The junior, now three years removed from committing to LSU as the nation's top safety, is finally looking at a starting position with the Tigers, although that requires he move across the defensive formation to strong safety.
Disappointing as that might be for most players, halfway through the spring session, Loston is just happy for an opportunity to see the field more often. Although he is the Tigers' most experienced returning safety (apart from Reid), Loston said he isn't taking that chance for granted.
"I still have to work like I'm not [the starter]," he said. "I need to make sure I'm doing the things I need to do to hold off everybody else and help the team."
That would be an encouraging sign for LSU coaches and fans. When Loston enrolled in school, many thought there was a chance he could contribute immediately. However, injuries have limited him during his career. He received a medical redshirt for his true freshman season following a wrist injury, and other hangups have kept him off the field during his career. Loston also said he missed time during the BCS Championship because of knocks to his ribs.
"Different injuries, with the surgery on my finger, and I suffered a rib (injury) late in bowl practice ... I tried to play through it, but it just wasn't happening -- too much pain," he said.
That could be one of the big differences between this season and others. Moving toward the end of the third week of spring ball, Loston has yet to find himself limited by injuries.
"I'm healthy and I'm trying to stay healthy. I'm trying to make sure I stay that way going into this year. That's my main key is to make sure I stay out of the green jersey," he said.
If he is to take over for departed senior Brandon Taylor at strong safety, Loston has to handle the transition in responsibilities that come with it. That might be a challenge, since Loston gained his five-star reputation in high school partly because of the ballhawking opportunities that the free safety spot afforded him.
"It's more that you're around the big guys a lot (at strong safety)," he said. "You play closer to the line mostly and you end up covering more as a strong safety. That's the big difference."
Loston said the new position still affords him some freedom to go after balls, but at the SEC level, it requires much more caution.
"You've got to pick when you want to do it, and if you do pick it, you want to make sure you're right," he said. "That's one difference from here and high school. In high school you can gamble a little bit more because there's nothing really to sacrifice. On this level you can't really gamble, so you've got to make sure you're doing the right thing."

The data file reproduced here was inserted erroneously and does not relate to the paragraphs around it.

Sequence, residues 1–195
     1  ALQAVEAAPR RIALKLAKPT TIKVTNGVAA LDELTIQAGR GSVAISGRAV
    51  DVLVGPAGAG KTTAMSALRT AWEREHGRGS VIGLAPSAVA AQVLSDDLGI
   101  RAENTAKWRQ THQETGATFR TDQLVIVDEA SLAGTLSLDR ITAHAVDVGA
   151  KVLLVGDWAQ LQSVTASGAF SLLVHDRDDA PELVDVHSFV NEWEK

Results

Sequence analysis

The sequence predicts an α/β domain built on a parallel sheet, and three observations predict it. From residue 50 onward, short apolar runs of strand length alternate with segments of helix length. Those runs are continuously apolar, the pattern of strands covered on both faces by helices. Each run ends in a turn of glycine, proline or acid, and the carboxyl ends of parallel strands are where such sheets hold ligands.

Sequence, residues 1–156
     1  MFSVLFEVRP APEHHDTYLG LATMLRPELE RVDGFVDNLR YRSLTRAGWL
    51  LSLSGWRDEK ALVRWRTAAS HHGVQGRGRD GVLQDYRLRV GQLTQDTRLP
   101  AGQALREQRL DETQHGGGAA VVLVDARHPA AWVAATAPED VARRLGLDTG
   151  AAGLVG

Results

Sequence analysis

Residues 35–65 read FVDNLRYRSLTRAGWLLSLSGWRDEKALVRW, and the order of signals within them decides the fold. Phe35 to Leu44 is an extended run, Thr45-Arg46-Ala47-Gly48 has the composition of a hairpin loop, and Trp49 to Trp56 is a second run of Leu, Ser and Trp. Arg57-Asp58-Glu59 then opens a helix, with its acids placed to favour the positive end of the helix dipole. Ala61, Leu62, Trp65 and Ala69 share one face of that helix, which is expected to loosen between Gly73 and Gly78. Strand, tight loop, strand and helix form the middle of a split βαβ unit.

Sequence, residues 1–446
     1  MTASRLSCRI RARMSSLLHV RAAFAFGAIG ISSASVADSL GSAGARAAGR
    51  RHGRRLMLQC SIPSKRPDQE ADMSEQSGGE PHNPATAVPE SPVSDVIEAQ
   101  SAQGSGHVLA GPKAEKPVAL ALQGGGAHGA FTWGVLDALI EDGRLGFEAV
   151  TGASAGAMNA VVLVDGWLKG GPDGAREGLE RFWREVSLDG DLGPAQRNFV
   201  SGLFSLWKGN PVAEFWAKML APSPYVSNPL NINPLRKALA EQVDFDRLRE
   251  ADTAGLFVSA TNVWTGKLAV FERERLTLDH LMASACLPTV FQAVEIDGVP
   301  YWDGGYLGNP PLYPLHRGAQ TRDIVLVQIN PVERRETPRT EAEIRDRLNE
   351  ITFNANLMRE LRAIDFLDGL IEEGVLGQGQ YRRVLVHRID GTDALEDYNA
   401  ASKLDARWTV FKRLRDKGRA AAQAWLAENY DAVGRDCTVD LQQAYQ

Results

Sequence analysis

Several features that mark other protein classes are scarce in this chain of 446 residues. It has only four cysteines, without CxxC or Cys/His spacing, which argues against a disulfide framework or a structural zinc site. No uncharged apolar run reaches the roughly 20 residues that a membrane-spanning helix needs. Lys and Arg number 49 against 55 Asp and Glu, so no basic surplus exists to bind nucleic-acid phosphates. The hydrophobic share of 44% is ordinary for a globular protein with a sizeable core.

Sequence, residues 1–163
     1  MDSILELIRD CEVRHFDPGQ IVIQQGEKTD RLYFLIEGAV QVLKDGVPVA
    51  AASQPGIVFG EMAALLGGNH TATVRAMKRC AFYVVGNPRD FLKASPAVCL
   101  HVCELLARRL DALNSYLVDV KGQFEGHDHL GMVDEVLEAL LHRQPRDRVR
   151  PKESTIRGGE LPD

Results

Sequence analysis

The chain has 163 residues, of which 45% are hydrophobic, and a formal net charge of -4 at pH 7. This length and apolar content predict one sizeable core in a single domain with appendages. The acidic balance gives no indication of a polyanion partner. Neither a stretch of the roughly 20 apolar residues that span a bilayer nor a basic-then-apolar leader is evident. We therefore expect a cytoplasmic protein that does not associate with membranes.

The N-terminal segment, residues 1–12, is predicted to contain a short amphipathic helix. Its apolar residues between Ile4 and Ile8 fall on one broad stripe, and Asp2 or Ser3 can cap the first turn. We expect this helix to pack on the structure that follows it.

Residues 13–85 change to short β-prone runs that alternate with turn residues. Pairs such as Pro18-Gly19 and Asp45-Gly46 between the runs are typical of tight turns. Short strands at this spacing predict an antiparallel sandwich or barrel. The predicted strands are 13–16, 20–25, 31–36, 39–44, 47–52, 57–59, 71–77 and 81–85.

Landry progressing: With the continued focus on the improvements in the Tigers' passing game, LSU finds itself with a plethora of talented receivers hoping to stand out. Among them is sophomore Jarvis Landry, who made a name for himself by delivering bone-jarring hits on special teams last fall.
That aggression seems to have carried over to the spring season, as Landry has earned himself the nickname "Pit" for his pitbull-like feistiness during training.
"[Russell Shepard] came up with that because of my knack to be aggressive all the time -- especially on offense," Landry said. "Being a receiver, you don't find too many receivers that are physical."
Because the Tigers involved so few receivers in the passing attack in 2011, Landry and all of his fellow underclassmen entered the spring still needing to prove their abilities. The lack of proven commodities seems to be leading to some strong competition.
"We all possess the same traits, so I leave it up to the coaches to put me in position to make plays and do the things that I do well," Landry said.
Tigers not much for March Madness: On a day where it seems the world stands still for college basketball, there was not much love for the NCAA tournament Thursday at the LSU football facility.
Of about half a dozen players asked, not a one said he filled out a bracket for the tournament. Cornerback Tyrann Mathieu came the closest by saying he "might or might not have" completed a bracket -- he couldn't remember.
Defensive end Barkevious Mingo said he probably wouldn't pay attention until the Final Four.
Quarterback Zach Mettenberger didn't fill out a bracket, but he at least had a winner in mind.
"I don't watch too much basketball, because we're [at practice most of the time]," he said. "Duke is going to win, though."
So much for March Madness.